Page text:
I own a car. My girlfriend doesn't. There are times when I need my car and she needs to go somewhere public transit doesn't go to. She and her friends like taking weekend trips across state lines where they can get a lake house or an oceanside Airbnb. How do they get there though? They rent a car from a person on a platform just like they rent the house from someone on the Airbnb platform.
Turo and Getaround are the biggest names in this growing market. Turo grew new installs of its mobile app 3% YOY and 7% QOQ. While Getaround has a smaller slice of market share, it grew more with gains of 109% YOY and 60% QOQ. Getaround was founded about a year earlier than Turo.
I've included five car rental services but they don't all operate the same. In fact, Turo and Getaround are the only two that operate very similarly to Airbnb. Zipcar, car2go and Maven have customers pick up and drop off almost anywhere but have inventory like traditional car rental companies. I believe Zipcar operates on a monthly membership so it would be more for people who plan on somewhat regularly using a vehicle but either do not believe the cost of ownership is worth it and/or simply do not have a place to keep a car longterm.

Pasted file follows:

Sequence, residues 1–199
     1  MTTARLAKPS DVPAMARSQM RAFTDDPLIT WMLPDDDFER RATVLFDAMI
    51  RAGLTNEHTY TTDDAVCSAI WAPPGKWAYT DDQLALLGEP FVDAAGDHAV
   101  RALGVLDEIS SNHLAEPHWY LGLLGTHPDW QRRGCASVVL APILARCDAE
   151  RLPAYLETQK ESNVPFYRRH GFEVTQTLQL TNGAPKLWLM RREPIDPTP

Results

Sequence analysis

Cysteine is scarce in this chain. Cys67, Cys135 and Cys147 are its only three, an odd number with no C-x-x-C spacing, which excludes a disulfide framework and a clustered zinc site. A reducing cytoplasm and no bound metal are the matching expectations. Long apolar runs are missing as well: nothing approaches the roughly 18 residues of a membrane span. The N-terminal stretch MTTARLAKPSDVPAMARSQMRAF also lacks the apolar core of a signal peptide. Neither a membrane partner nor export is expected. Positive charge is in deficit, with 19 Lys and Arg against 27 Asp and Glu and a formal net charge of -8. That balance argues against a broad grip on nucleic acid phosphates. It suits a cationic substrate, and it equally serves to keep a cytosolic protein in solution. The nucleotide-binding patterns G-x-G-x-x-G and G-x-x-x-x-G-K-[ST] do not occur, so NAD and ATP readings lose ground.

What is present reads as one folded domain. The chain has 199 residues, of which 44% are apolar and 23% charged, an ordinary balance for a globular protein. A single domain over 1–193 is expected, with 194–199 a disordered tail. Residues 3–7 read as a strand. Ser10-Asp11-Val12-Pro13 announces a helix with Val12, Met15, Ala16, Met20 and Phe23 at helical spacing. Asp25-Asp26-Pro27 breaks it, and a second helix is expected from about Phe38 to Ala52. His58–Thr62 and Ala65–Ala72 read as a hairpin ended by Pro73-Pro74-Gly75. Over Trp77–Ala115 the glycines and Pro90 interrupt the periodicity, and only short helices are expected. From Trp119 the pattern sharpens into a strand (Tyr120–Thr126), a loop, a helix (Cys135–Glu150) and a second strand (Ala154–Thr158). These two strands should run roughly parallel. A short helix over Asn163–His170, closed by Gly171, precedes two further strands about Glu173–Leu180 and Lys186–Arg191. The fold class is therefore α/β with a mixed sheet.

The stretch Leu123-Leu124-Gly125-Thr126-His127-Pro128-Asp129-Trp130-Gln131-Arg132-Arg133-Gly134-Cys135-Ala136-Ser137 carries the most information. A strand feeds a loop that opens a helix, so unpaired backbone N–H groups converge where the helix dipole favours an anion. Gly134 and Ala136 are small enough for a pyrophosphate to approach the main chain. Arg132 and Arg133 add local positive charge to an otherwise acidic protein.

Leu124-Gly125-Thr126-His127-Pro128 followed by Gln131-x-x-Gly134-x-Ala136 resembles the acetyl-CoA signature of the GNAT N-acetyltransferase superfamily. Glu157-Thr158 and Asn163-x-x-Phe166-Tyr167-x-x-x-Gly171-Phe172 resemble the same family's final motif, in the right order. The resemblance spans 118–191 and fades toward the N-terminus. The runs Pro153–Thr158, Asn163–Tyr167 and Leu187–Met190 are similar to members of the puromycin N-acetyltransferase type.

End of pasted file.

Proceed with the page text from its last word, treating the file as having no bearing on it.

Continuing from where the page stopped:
Looking at the charts above and below, it's clear that Maven had a moment but Turo has taken off. There is a slight seasonality to the car rental business. Across all five apps we analyzed, the Summer months tend to have the highest number of downloads.
Now you're wondering, what about traditional car rental companies like Hertz, National and Avis? Their mobile apps are certainly competitive with the above performance but they are not experiencing the growth of Turo and Getaround. Will Turo and Getaround keep growing? Will they keep the users they are acquiring right now for the long term? The bigger question is actually what the regulation of these platforms will look like soon.
Traditional car rental services argue Turo and Getaround should have to abide by the same regulations and taxes that they have to, while the newcomers argue they should not as they are not car rental companies at all - just an enablement platform. A fantastic breakdown of the entire for and against argument can be found here.